Amelie (2001)

This sweet, quirky title sequence shows Audrey Tautou's introverted heroine as a child. A girl with overprotective parents, and consequently no friends, Amelie is introduced to us via a montage of the different ways her childhood self fills her time. It's through this montage that we catch a glimpse of her imagination at work, giving us an idea of what the grown-up Amelie will be like as a character. (JM)

Did you know: Amelie was originally written specifically for actress Emily Watson. She was replaced by Audrey Tautou when a mixture of conflicting schedules and a poor grasp of French ruled Watson out.

Back To The Future (1985)

Few credits scenes set up so much with so little as this. A long pan around Doc Brown’s garage-cum-lab tells you everything you need to know about the upcoming two hours. Doc Brown is a mad scientist preoccupied by time, gadgets, pining for a lost relevance. Also he’s stolen a load of plutonium which has made him a few enemies. Not bad for an almost wordless minute. (AC)

Did you know: The opening sequence contains references to The Time Machine (1960) and Harold Lloyd's Safety Last! (1923) - the latter referenced again when Doc Brown hangs off the clock tower in 1955.

Barbarella (1968)

Hey, this is nice. Swinging 60s soundtrack, kitsch sci-fi decor. Oh look, it’s zero-g, guess she’s in space. That’s a nice wire effect. Okay, so she’s slipping into something more comfortable, that’s cool, I guess it’s going to be a bit light hearted and… oh my. Ahem.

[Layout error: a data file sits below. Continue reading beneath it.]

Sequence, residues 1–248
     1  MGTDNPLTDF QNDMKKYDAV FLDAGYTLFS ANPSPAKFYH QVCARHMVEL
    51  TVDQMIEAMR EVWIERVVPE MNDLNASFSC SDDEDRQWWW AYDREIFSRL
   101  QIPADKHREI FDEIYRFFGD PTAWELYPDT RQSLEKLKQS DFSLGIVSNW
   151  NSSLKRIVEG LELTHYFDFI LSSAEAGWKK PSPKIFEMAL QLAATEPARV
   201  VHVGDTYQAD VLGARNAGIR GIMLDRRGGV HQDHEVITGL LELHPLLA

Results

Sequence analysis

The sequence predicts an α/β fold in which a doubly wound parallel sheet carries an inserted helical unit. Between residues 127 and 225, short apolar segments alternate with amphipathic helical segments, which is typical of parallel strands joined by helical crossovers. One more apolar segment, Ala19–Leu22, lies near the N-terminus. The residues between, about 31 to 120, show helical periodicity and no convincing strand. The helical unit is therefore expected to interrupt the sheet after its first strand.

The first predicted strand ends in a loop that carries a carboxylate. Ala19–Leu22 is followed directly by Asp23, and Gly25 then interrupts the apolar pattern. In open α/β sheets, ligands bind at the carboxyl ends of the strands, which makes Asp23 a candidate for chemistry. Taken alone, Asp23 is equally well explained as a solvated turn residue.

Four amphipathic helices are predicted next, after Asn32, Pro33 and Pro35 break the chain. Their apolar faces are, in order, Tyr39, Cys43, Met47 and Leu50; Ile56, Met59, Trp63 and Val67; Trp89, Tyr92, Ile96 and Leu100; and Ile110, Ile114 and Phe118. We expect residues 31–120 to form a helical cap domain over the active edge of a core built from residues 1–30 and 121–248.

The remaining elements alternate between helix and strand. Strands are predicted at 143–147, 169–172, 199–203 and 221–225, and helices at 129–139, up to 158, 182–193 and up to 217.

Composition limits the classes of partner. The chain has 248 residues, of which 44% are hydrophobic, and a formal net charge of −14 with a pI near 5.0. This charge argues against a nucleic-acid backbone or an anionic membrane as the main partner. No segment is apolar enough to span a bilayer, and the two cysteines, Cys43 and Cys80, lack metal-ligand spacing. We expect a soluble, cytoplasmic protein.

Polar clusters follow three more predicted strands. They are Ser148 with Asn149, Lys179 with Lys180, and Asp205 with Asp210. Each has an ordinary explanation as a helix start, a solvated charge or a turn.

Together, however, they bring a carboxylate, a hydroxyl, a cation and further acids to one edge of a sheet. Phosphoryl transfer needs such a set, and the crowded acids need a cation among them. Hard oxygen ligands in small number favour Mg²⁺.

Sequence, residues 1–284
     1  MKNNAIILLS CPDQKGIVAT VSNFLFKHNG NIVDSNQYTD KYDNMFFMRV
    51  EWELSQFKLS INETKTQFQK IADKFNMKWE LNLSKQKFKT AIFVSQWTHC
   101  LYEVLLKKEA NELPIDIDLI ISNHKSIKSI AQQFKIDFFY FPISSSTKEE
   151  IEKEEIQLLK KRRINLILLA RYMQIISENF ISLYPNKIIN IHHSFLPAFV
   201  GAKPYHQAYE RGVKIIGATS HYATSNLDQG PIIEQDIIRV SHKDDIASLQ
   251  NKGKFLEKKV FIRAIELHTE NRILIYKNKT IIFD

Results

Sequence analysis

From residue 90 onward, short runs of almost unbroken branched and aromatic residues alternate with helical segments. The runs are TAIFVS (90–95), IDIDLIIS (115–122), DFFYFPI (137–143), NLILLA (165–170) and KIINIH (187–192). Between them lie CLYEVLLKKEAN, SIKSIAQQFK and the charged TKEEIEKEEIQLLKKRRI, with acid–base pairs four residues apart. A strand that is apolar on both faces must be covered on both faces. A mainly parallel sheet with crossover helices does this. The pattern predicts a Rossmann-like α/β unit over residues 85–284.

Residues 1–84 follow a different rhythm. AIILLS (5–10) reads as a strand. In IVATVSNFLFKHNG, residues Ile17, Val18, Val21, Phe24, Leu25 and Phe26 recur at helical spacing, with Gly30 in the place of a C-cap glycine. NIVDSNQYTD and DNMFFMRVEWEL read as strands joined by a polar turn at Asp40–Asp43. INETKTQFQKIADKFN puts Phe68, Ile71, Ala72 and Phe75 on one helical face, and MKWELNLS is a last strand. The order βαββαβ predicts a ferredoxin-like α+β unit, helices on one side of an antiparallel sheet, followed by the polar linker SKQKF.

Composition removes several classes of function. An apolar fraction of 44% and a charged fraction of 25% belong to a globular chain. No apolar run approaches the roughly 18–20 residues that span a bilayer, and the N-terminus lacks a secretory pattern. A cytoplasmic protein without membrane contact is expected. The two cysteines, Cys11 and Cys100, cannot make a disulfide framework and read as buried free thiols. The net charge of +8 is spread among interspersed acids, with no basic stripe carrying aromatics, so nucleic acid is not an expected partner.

I need another Solpadine. (AC)

Did you know: In the (probably NSFW) sequence above, Jane Fonda isn't suspended in mid-air, but actually lying on a sheet of glass. You can see the reflection in one or two shots.

Twilight: Breaking Dawn Part 2 (2012)

Say what you like about The Twilight Saga (and, er, many have), but you can't knock the movies’ opening credits when it comes to setting the mood. This is particularly true for the final film in the series, as it brings together elements from all the previous films to make one conclusive whole. A medley of all the previous Twilight scores serve as a musical recap, akin to saying 'Previously on The Twilight Saga...' Visually, the credits show various parts of picturesque landscapes turning to ice, alluding to Bella’s transformation into a vampire. And also to the fact that it’s pretty cold in Washington. Probably. (JM)

Did you know: This was the only Twilight movie to feature a full opening credits sequence.

Bridget Jones’ Diary (2001)

As Celine Dion’s All By Myself plays, Bridget sits alone on her sofa, a drunken, chain smoking lady tramp in pyjamas. After checking her answerphone and confirming that, yet again, she has no messages, Bridget downs half a pint of red wine in one go, and begins to tearfully lip synch to Ms Dion. This culminates in a full on Grammy worthy performance, using a rolled up magazine as a microphone.

We’ve all been in Bridget’s position at some point. And if you’ve never been in that position, know that I'm glaring at you right now. (JM)

Did you know: Originally released by Eric Carmen in 1975, All By Myself has been covered numerous times by artists including Tom Jones, Eartha Kitt, Frank Sinatra and the irrepressible John Barrowman. Eddie Murphy also covered it in Shrek 2.